If $$f(x,y,z) = x^3+y+z^2$$, calculate $$\nabla f$$ and $$\nabla f(1,2,3)$$.

Problem Statement

If $$f(x,y,z) = x^3+y+z^2$$, calculate $$\nabla f$$ and $$\nabla f(1,2,3)$$.

Solution

### 804 video

video by Dr Chris Tisdell

Calculate $$\displaystyle{ \nabla \left( \frac{\kappa^2 \arctan \tau}{\kappa-\tau^3} \right) }$$ at $$(\tau, \kappa) = (1,5)$$

Problem Statement

Calculate $$\displaystyle{ \nabla \left( \frac{\kappa^2 \arctan \tau}{\kappa-\tau^3} \right) }$$ at $$(\tau, \kappa) = (1,5)$$

Hint

This problem uses unusual variables $$\tau$$ and $$\kappa$$. However, they work just as if you had t and x.

Problem Statement

Calculate $$\displaystyle{ \nabla \left( \frac{\kappa^2 \arctan \tau}{\kappa-\tau^3} \right) }$$ at $$(\tau, \kappa) = (1,5)$$

Hint

This problem uses unusual variables $$\tau$$ and $$\kappa$$. However, they work just as if you had t and x.

Solution

### 2293 video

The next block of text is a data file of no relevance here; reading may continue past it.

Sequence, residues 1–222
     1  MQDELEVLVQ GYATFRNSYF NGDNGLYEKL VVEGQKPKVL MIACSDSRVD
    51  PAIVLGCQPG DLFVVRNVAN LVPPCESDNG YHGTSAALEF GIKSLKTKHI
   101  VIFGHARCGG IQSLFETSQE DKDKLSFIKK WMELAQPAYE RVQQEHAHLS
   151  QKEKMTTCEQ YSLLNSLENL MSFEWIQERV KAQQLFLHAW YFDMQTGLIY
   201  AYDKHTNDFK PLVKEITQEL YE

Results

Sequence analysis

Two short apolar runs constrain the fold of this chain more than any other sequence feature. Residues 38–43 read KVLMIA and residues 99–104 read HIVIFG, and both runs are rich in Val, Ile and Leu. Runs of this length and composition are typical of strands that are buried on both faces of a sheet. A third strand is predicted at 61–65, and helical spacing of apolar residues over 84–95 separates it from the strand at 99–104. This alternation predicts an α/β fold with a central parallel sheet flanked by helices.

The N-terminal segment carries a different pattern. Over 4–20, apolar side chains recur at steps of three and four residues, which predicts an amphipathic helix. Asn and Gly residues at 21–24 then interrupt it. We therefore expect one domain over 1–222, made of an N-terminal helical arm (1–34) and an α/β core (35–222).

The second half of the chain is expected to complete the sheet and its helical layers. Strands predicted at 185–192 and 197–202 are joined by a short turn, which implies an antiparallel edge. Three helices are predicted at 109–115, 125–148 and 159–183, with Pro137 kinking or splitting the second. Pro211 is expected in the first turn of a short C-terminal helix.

Calculate the gradient vector field of $$f(x,y) = \ln(2x+5y)$$.

Problem Statement

Calculate the gradient vector field of $$f(x,y) = \ln(2x+5y)$$.

Solution

### 2294 video

video by MIP4U

Given $$f(x,y) = xy$$, determine $$\nabla f(-3,2)$$.

Problem Statement

Given $$f(x,y) = xy$$, determine $$\nabla f(-3,2)$$.

Solution

### 2295 video

video by MIP4U

Directional Derivative

$$\displaystyle{ D_{\vec{u}}f = \nabla f \cdot \vec{u} }$$
We read this as the directional derivative of f in the direction of $$\vec{u}$$.

The directional derivative can be thought of as the magnitude of the gradient at a certain point in a specific direction. To calculate the directional derivative, we take the dot product of the gradient with the unit vector ( $$\vec{u}$$ ) in the direction we are interested in. The equation looks like this.

Here is a video going through a proof showing that the directional derivative is the dot product of the gradient with a direction vector. This video is not required for understanding how to use the dot product version of the directional derivative but it will help you understand it. So it is a good video to watch.

### Dr Chris Tisdell - Proof: Directional Derivative is a Dot Product [8mins-6secs]

video by Dr Chris Tisdell

Here is a video clip discussing the properties of the directional derivative based on the use of the dot product.